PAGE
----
Some people use online services to have their photos woven or knit, using computer looms and knitting machines just like printers.
Design by J.Donaldson
GLITCHAUS © 2014
A diffused gradient forms the basis of this series of machine knit design blankets.
Each stitch corresponds to each pixel of the 896 x 1104px digital file. Intricate patterns emerge as a result of converting a full colour gradient into three and four colour designs. Blankets are a 50/50 merino wool, acrylic blend, 190x155cm (75”x62”)
white, light gray, black
black, light blue, light gray, white
photography: nathaniel fowler
MTPO PRG ROM Data Knit – a new design by J.Donaldson
This 6×5’ knit blanket design is the program ROM data for the 1987 NES video game Mike Tyson’s Punch Out!!
Knit at a 1:1 pixel to stitch ratio, MTPO PRG ROM is a 50/50 merino wool/soft acrylic blend.
This unique textile from Glitchaus will be on display at Microscope Gallery from Sept 14 – Oct 14 as part of this is our house / this is our rules / and we can’t stop in Brooklyn, NYC.
Photos by John De Cristofaro
Notendo Glitch Blankets by Glitchaus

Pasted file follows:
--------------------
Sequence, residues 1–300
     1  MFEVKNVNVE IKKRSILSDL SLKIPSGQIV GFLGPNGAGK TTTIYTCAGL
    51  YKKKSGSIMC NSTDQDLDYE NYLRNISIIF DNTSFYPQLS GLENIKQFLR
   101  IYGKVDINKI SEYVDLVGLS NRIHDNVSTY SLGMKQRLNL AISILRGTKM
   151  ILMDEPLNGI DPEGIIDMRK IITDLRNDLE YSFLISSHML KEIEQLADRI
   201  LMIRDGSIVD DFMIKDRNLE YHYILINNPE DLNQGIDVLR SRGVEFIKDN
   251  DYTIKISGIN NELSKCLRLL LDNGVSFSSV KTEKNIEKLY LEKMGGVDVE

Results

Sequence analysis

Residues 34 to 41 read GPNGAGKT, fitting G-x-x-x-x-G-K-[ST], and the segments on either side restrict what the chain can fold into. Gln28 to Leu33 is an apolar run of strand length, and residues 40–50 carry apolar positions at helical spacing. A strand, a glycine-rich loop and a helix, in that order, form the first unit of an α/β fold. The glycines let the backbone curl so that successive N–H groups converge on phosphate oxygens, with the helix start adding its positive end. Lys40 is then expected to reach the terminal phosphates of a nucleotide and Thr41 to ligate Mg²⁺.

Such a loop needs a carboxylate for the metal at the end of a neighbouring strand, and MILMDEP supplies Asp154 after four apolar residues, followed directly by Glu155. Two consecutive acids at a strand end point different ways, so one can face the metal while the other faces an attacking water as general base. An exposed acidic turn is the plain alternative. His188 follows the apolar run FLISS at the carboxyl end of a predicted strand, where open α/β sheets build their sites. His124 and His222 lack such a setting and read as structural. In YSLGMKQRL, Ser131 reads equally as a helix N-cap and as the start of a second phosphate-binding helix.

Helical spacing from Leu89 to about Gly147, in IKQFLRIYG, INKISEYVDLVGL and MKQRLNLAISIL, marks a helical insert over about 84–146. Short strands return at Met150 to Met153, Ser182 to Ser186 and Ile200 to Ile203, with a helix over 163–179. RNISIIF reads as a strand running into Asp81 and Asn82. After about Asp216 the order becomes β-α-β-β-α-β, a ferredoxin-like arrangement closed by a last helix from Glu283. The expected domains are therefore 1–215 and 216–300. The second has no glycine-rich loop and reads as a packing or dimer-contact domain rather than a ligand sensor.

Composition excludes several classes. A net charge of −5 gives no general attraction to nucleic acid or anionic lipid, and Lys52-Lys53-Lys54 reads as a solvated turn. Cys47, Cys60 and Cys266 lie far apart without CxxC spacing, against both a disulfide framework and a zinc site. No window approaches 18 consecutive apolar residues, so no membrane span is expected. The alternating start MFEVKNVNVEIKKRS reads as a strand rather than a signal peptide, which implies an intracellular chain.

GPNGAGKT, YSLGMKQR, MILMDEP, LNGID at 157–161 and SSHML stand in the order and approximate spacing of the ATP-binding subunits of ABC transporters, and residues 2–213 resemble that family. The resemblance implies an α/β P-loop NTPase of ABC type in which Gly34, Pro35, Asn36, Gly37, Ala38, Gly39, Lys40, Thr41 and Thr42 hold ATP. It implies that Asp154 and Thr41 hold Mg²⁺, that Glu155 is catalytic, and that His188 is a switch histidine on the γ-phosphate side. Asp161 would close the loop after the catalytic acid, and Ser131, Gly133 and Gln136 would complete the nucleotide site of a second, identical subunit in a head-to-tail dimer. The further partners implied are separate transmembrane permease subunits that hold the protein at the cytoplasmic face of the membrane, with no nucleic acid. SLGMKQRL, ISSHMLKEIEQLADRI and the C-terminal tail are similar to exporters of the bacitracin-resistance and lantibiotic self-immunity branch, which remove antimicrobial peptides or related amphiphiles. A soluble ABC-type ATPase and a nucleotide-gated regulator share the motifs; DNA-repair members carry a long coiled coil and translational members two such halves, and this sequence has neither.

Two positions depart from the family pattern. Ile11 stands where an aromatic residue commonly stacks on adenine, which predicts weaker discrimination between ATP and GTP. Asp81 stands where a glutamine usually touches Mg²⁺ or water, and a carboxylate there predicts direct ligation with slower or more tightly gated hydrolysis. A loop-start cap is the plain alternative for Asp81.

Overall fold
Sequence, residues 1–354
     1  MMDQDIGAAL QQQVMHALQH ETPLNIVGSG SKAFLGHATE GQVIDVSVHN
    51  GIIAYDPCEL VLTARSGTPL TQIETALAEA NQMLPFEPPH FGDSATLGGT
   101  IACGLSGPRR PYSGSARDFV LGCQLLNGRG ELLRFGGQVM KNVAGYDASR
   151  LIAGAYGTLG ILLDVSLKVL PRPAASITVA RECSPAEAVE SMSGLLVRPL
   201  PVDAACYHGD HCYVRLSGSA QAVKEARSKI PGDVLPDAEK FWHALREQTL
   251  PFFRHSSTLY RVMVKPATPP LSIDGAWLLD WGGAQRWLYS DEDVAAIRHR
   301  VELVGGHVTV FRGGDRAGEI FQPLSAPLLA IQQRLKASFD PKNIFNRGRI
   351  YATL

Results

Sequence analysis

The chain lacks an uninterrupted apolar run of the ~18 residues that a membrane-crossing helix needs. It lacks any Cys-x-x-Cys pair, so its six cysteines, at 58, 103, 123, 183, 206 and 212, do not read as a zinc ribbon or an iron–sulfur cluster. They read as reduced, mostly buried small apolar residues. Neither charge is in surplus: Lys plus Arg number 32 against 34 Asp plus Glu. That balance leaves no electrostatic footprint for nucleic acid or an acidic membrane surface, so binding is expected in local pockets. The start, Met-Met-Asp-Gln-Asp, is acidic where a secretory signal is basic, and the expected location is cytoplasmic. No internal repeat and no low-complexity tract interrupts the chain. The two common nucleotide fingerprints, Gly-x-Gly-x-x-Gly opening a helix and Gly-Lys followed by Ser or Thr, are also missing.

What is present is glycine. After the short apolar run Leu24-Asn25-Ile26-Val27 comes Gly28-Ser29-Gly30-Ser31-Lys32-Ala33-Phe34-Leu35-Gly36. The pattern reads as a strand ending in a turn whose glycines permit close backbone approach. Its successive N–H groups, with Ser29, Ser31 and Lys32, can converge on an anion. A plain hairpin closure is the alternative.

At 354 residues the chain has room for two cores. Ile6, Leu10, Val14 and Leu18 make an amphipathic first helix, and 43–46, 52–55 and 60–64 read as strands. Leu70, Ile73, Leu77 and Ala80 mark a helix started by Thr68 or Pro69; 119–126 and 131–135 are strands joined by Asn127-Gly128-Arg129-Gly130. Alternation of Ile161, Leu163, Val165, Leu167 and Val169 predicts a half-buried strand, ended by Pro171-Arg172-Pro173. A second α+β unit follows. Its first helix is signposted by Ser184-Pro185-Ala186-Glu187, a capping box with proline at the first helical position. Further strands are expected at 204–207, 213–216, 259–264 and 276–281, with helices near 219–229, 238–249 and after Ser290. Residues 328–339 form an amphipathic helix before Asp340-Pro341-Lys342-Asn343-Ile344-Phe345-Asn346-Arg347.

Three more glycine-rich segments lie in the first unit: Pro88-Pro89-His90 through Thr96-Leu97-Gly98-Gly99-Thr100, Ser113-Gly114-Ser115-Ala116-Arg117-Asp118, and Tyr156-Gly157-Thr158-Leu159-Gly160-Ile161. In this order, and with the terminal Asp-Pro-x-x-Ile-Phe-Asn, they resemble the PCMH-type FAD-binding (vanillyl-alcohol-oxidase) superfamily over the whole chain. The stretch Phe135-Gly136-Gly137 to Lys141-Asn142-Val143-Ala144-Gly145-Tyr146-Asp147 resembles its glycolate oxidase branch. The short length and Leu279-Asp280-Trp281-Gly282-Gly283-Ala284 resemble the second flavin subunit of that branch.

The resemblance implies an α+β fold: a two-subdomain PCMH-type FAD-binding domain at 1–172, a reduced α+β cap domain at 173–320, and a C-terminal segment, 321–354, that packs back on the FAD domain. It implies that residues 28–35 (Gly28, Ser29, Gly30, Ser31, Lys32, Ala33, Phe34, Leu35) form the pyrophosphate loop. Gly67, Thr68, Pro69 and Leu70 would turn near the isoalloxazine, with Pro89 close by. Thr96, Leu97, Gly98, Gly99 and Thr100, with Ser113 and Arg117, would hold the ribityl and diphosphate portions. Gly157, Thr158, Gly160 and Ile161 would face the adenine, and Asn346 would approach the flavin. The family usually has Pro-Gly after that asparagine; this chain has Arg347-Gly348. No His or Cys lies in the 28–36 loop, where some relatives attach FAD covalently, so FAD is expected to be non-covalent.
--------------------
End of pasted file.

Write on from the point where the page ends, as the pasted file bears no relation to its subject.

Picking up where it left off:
I designed this 8bit glitch blanket with my prepared Nintendo Entertainment System. The pattern is a composite video capture which was dithered in order to be rendered as a 50/50 merino wool, soft acrylic blanket.
The design is knit at a 1:1 pixel to knot ratio, preserving the correlation between textile and pixel art. The result is a 6×5’ glitchy blanket.
Glitchaus, the design house of media artist Jeff Donaldson, is leading the way in glitch wearables.
Prepared or, creatively short circuited video game systems, emulator read errors and, databent (hex edited) image manipulations are all methods Donaldson uses to create unique, one-of-a-kind knit and printed textiles.
The 16bit Edition scarf design is the result of an Atari ST read error. Scarves are machine knit at a 1:1 pixel to knot ratio, retaining the parallel between textile art and digital systems.
8bit Edition glitch designs are created with a prepared Nintendo Entertainment System. By wiring a NES to creatively short circuit, familiar video games generate program data mosaics which are then rendered as glitchy soft-wears.
Beginning in 2007 and established in 2011, Glitchaus is devoted to glitch as a new paradigm in textile, surface and, fashion design.